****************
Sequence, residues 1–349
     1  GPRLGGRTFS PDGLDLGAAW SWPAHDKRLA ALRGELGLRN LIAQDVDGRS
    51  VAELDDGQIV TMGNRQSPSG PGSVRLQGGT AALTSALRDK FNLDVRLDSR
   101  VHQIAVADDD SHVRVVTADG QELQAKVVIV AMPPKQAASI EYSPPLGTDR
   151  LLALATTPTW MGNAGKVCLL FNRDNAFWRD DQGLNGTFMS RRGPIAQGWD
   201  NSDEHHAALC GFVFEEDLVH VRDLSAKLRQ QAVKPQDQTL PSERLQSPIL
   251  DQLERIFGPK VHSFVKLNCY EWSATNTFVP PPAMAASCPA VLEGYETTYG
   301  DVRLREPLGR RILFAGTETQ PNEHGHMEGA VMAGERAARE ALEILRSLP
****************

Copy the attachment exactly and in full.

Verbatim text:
Sequence, residues 1–349
     1  GPRLGGRTFS PDGLDLGAAW SWPAHDKRLA ALRGELGLRN LIAQDVDGRS
    51  VAELDDGQIV TMGNRQSPSG PGSVRLQGGT AALTSALRDK FNLDVRLDSR
   101  VHQIAVADDD SHVRVVTADG QELQAKVVIV AMPPKQAASI EYSPPLGTDR
   151  LLALATTPTW MGNAGKVCLL FNRDNAFWRD DQGLNGTFMS RRGPIAQGWD
   201  NSDEHHAALC GFVFEEDLVH VRDLSAKLRQ QAVKPQDQTL PSERLQSPIL
   251  DQLERIFGPK VHSFVKLNCY EWSATNTFVP PPAMAASCPA VLEGYETTYG
   301  DVRLREPLGR RILFAGTETQ PNEHGHMEGA VMAGERAARE ALEILRSLP